Kivalliq region, Nunavut
The Meadowbank open-pit gold mine in the Kivalliq region of Nunavut – approximately 300 km west of Hudson Bay and 110 km by road north of Baker Lake – is Agnico Eagle’s first Low Arctic mine.
2015 production and costs
381,804 oz, $613/oz gold
The Meadowbank gold mine achieved commercial production in March 2010. It has 0.9 million ounces of gold in proven and probable reserves (11 million tonnes at 2.72 g/t) and is expected to produce 305,000 ounces of gold in 2016, and to average 238,000 ounces gold from 2017 to 2018.
A decision was made in 2015 to extend the Vault pit at the Meadowbank mine, increasing the expected mine life by approximately one year through 2018. The Vault pit extension is expected to partially bridge the production gap at the Meadowbank mine through to the potential commencement of development of the Amaruq project.
The Meadowbank property is underlain by Archean-age volcanic and sedimentary rocks. The Goose and Portage deposits are hosted by magnetite-rich iron formation, while intermediate volcanic rocks host most of the mineralization at the Vault deposit farther north. Both the rock units and the gold deposits are tightly folded and structurally complex, sandwiched between granite plutons.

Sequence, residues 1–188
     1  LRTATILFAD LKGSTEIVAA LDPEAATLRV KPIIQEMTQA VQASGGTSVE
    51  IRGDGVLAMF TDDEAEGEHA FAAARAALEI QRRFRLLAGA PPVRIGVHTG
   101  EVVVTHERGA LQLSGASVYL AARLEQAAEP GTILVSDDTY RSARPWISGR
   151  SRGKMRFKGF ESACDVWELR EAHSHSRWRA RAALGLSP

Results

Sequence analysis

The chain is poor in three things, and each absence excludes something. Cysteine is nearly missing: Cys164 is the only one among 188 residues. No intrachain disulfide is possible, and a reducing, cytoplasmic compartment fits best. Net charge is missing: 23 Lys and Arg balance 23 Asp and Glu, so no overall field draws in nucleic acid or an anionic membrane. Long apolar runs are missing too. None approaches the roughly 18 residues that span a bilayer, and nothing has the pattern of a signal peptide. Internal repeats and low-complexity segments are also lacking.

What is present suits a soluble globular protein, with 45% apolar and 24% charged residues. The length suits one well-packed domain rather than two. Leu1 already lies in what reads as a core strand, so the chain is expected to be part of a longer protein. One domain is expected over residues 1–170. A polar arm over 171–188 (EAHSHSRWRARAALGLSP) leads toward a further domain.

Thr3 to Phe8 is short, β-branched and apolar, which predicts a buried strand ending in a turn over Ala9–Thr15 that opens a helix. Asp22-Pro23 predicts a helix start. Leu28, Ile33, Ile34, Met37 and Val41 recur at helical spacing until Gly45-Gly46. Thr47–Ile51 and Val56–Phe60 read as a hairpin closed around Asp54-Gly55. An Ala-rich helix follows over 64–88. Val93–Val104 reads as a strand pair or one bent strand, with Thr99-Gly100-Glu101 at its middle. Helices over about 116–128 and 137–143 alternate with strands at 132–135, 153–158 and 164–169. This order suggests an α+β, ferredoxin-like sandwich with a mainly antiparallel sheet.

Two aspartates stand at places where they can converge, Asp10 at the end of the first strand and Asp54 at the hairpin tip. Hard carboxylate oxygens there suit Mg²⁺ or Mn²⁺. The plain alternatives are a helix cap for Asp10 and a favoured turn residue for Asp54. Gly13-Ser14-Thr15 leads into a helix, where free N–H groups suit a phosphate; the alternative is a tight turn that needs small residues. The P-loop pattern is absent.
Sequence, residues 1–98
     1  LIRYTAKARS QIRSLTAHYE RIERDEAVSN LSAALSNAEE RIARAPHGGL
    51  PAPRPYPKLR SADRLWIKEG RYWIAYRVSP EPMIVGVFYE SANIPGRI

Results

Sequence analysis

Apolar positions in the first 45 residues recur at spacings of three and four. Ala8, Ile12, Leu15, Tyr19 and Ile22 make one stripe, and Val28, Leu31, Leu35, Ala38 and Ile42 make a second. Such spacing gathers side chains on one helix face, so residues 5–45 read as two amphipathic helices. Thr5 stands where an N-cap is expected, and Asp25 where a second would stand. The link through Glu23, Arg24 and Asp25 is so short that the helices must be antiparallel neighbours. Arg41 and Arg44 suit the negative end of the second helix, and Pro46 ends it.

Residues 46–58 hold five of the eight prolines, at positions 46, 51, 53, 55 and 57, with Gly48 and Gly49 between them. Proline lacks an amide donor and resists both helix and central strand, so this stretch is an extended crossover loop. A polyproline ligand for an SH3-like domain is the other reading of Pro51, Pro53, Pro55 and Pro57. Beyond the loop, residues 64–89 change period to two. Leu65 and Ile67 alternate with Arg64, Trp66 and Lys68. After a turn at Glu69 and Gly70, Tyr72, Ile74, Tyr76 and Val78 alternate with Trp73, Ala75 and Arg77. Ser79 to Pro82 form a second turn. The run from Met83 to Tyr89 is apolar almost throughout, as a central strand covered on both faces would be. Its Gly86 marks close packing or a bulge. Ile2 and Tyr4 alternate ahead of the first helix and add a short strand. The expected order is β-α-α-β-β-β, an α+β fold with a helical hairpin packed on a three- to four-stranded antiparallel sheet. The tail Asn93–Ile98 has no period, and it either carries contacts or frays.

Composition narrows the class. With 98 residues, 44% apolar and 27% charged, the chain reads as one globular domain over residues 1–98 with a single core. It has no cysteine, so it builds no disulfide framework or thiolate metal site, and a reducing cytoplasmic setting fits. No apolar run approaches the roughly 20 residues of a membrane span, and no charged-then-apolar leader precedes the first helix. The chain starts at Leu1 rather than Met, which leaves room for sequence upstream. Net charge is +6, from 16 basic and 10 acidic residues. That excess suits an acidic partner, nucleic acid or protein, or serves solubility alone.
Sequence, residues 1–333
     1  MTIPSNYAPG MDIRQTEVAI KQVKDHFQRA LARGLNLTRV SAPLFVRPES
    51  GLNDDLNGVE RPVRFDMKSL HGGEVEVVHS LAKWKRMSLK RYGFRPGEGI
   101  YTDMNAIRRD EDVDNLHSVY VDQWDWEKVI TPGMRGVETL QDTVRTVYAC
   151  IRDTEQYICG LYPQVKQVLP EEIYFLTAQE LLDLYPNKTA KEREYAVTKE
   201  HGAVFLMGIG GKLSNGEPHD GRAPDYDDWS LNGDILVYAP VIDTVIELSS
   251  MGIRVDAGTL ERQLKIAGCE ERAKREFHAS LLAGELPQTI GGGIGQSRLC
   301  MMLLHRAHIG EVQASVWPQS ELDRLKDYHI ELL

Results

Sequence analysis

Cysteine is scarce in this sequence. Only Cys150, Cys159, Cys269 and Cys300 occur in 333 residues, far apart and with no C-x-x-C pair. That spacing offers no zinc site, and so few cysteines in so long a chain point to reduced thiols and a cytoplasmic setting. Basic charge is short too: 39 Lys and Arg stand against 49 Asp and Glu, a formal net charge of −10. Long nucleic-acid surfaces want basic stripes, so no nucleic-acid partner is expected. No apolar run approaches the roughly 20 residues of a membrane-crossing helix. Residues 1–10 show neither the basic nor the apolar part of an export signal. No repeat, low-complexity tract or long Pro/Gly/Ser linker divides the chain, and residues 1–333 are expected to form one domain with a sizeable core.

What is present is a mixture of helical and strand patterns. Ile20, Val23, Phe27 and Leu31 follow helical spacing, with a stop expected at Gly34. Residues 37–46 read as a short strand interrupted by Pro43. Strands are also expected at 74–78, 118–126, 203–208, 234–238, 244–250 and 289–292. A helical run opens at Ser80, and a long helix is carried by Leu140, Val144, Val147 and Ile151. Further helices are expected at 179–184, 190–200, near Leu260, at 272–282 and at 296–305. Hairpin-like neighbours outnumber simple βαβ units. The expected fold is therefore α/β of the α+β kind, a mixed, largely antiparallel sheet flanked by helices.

Gold deposits are found along two main structural features that cross the property – the Meadowbank Trend and the Pipedream Lake (Northeast) Trend. The Meadowbank Trend hosts the Goose, Portage and Vault deposits, which are the sites of initial mining. These shallow deposits lie within 7 km of each other. In all deposits, gold mineralization is commonly associated with intense quartz flooding, and the presence of sulphide minerals (pyrite and/or pyrrhotite).
Meadowbank conducts surface mining from a series of three pits all within 7 km of the processing plant. Water retention dykes have been built to allow for mining beneath shallow lakes, using a unique in-water dyke construction method. Dewatering of Vault Lake, for example, has allowed the Vault pit to be mined since April 2014. The mine works year-round, using conventional drilling, blasting, truck and shovel methods. Waste rock is used for construction, or dumped in waste storage sites or previously mined-out areas. To minimize acid generation, the sulphide-bearing waste rock is encapsulated in permafrost and capped with an insulating layer of neutralizing rock.
The 11,000-tonne/day gold processing plant uses conventional technology adjusted to the Arctic climate. Any “free gold” is removed by a gravity circuit. The remainder is leached using cyanide, with the gold captured using carbon-in-pulp technology and electrowinning cells. Gold-plated cathodes and gravity concentrate are smelted in an induction furnace and poured as doré bars. The plant includes both a cyanide recycling thickener and an air-sulphur dioxide cyanide destruction circuit to ensure that no cyanide escapes to the environment. All water from the tailings pond is pumped back to the plant for reuse, making this a zero-discharge system.
Amaruq, located 50 km northwest of Meadowbank, consists of 116,717 hectares of Inuit and federal crown land. As of June 30, 2016, the inferred resources were estimated to be 19.4 million tonnes at 5.97 g/t gold for a total of 3.71 million ounces of gold. We are currently advancing our plans to develop the new Amaruq discovery as a satellite deposit to the nearby Meadowbank mine.